Do This, Not That: Bypass the carpool lane

This is the third in an occasional series on seemingly small acts of physical activity that can, over time, have a surprising impact on your life. So far, GGNC  has looked at taking the stairs vs. the elevator and watching TV on an exo ball rather than hunkered down in a La-Z-Boy. Today: Avoiding the carpool lane.

The University of North Carolina Highway Safety Research Center’s National Center for Safe Routes to School tracks a lot of information: How many kindergarteners take the bus vs. 5th graders, how many kids who live a quarter to a half mile from school get there by walking, whether the presence of crossing guards makes parents more apt to let their kids walk to school. One stat it doesn’t follow, though, is how many years are shaved from the lives of parents who use the car pool lane at the typical school.

Car pool drop-offs & pick-ups are, for whatever reason, magnets for some of the most annoying behavior outside of reality TV. Parents who reach the designated drop point and decide it’s a good time to discuss summer camp options with their kid. Parents who drop their kid and remember they have business inside the school — and park in the car pool lane. Parents who become engrossed in their eyeliner and don’t realize — despite a cacophony of honking — that the car in front of them has deposited its load and been gone a good five minutes. Parents who do all of this while on their cell phone. It’s absolutely maddening.

It’s also something you needn’t put up with because at most schools you have a healthy alternative.

Healthy alternative: Park three blocks (or two, or four, or whatever works) from school and walk your child to school. According to the aforementioned National Center for Safe Routes to School, only 11 percent of kids in the U.S. walk to school (a slightly higher percentage, 15, walk home). The main reason given by parents for not letting their kids walk or ride their bike to school is that they live too far away: 34 percent of parents reported that they live more than 2 miles from their child’s school. Granted, walking two miles with your third grader not only would tucker him out by the time you arrive, but it would probably take you an hour to make the trip. So even if you can’t walk the whole way, you can at least walk part of it.

Physical benefits: With two-thirds of North Carolina’s adults overweight or obese and nearly 20 percent of our kids obese, a little walk in the morning couldn’t hurt. Let’s say you park four blocks from school and walk. Based on the length of a typical city block, you’d be walking about a quarter mile, a distance that you should be able to cover, at a moderate pace, in 10 minutes. Current thinking holds that adults need at least 30 minutes of exercise a day, kids 60, and that you can derive aerobic benefits in spurts as short as 10 minutes. As an adult, dropping off and picking up your kid four blocks from school would cover two-thirds of your daily minimum requirement.

Morning benefits: There are numerous benefits to exercising early in the day. Exercise has been shown to improve mental acuity, so why wait until day’s end to reap this benefit? Exercise also can accelerate your metabolism; again, another benefit you should enjoy throughout the day. From a practical standpoint, it’s often easier to get a workout out of the way first thing before the demands of the day close in. Even just 10 minutes (since you’ll have to walk back to the car, make that 20 minutes) can jump start you for the day.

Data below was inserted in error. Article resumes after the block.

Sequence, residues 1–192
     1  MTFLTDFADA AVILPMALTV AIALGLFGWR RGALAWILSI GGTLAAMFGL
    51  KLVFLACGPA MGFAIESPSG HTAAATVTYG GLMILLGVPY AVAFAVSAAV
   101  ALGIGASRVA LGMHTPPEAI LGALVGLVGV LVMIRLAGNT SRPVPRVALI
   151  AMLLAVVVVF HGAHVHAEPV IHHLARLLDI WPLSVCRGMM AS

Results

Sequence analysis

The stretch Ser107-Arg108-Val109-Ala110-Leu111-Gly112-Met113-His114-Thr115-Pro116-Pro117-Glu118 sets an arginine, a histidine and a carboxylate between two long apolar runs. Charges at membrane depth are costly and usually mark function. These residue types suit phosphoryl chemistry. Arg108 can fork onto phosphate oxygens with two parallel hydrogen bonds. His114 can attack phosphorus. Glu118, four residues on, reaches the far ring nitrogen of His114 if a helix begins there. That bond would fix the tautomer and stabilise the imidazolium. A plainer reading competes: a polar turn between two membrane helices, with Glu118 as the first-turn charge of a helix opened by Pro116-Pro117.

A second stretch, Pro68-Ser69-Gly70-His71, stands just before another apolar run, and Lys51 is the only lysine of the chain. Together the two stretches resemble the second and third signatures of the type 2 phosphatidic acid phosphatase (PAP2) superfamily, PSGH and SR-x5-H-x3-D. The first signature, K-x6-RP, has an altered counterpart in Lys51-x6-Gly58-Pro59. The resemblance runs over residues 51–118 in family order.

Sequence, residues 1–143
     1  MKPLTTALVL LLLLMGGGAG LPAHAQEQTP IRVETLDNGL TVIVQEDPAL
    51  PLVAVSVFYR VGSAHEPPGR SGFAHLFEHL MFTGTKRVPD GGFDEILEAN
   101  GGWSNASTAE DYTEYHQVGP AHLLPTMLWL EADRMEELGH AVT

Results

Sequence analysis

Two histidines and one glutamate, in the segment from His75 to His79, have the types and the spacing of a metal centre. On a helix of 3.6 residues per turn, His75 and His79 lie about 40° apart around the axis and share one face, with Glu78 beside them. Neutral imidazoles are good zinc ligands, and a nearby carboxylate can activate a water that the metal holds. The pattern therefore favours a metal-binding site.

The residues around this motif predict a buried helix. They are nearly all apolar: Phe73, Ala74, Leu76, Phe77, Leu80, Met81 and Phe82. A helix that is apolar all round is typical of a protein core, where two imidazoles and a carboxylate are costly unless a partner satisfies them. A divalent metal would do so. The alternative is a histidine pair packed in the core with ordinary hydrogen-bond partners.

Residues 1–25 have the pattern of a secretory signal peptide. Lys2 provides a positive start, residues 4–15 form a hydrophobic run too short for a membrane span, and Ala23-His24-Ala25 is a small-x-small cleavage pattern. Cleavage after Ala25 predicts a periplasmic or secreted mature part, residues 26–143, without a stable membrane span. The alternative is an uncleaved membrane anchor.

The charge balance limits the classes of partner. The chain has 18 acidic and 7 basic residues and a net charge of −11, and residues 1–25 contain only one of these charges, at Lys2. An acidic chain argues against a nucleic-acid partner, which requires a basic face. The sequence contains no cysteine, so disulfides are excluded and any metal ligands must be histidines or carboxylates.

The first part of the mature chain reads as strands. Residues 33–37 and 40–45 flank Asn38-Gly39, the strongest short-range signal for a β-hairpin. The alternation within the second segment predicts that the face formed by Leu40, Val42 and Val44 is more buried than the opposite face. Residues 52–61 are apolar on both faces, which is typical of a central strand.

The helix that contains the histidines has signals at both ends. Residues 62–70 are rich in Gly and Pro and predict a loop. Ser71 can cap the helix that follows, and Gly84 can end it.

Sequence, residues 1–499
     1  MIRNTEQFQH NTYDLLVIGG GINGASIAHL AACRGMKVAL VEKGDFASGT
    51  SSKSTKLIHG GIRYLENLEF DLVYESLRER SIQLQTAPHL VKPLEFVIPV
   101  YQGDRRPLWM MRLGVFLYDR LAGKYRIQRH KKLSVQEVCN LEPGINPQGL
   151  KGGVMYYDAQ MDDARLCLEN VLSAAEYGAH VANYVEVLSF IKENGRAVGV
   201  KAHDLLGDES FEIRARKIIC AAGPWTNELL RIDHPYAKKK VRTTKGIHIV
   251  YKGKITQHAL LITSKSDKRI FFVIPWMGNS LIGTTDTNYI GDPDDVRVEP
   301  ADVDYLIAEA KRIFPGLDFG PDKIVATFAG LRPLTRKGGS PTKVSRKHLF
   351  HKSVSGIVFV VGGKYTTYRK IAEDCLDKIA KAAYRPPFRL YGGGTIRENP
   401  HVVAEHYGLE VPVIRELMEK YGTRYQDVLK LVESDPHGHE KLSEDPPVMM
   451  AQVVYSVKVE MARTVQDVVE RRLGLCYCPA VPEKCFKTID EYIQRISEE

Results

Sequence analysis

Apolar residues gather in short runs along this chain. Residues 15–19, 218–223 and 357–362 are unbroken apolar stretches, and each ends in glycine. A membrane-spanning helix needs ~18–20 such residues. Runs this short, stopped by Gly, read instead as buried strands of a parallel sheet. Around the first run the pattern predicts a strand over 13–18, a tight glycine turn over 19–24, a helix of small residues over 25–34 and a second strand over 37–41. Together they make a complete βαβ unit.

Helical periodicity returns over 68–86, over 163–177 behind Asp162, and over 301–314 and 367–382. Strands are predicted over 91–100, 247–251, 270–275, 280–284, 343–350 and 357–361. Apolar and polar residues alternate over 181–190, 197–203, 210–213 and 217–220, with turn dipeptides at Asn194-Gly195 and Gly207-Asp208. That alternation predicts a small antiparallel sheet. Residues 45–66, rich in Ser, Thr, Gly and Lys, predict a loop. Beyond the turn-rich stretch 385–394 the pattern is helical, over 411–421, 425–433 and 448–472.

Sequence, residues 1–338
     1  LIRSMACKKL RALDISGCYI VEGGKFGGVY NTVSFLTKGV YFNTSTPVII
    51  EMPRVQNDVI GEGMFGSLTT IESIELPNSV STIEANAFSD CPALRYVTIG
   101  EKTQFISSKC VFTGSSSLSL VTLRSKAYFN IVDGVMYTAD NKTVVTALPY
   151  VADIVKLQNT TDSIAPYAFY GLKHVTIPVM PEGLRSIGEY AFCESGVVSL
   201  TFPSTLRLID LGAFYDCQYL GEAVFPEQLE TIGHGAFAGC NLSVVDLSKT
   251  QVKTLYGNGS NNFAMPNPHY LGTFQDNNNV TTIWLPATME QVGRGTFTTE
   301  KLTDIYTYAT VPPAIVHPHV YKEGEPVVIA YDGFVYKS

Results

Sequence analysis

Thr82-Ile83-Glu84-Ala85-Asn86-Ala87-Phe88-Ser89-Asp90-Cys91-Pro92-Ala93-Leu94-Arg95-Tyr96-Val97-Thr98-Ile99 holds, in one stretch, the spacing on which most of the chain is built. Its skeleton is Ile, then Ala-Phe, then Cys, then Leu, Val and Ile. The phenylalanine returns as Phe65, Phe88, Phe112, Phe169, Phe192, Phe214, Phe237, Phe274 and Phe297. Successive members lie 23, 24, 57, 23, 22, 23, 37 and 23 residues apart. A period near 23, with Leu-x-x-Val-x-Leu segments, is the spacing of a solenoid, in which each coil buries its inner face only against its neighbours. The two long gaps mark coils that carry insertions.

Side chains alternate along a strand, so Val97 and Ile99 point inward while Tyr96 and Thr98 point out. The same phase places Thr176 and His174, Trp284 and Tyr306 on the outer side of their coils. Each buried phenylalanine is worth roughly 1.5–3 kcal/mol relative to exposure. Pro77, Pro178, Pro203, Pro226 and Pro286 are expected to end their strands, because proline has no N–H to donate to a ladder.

It’s social: According to, “Nearly nine out of 10 parents who walk their children to school see it as an ideal way to meet new people.”

It’s green: Driving that extra four blocks probably won’t have a major effect on global warming, but think about what happens when you reach school. If you arrive during peak drop off, you’ll probably spend up to five minutes idling/crawling/idling in the car pool lane. You and 50 other cars. Creating a cloud of exhaust. Hanging over your kid’s school.

Make it safe: When picking a route, look for a side street around your school where you can park and not obstruct traffic. Try to avoid having to cross a major street, especially those used by the car poolers. If you can work in some scenery, so much the better. Stick to sidewalks, don’t cut across lawns, keep an eye out for roaming dogs.

Best of all: You won’t be driven nuts by other parents who are putting on makeup, reading the paper, downloading apps, working the crossword and conducting a family meeting that should have taken place last night over the dinner table while they’re dropping off their kids in front of you in the car pool lane.

Sources:, Centers for Disease Control and Prevention, University of North Carolina Highway Safety Research Center’s National Center for Safe Routes to School, Eat Smart, Move More NC.

5 thoughts on “Do This, Not That: Bypass the carpool lane”

  1. This brought back memories of an time when my son was in 5th and 6th grade. An arrangement was made with a mutual classmate that the boys would walk,about a mile, to his house and play a bit. Pickup on my part was later thus allowing the outdoor and social time for them. Not only did I avoid the “Line” but I often found them playing in the nearby park and joined it!

    1. When Hana was in grade school we used to park two blocks away and walk. A short walk, but it was a very nice little bit of time we had together before the day got underway. And I was able to avoid the carpool traffic madness altogether.

      1. You have made the point I was going to add: It gives a little parent-child time that you can’t get in the car—because you’re watching the road (right?) and your child is iPoding or something. That little walk is a time to be together in a simple, daily ritual that will not only help you connect in the moment, but also create memories for the future.

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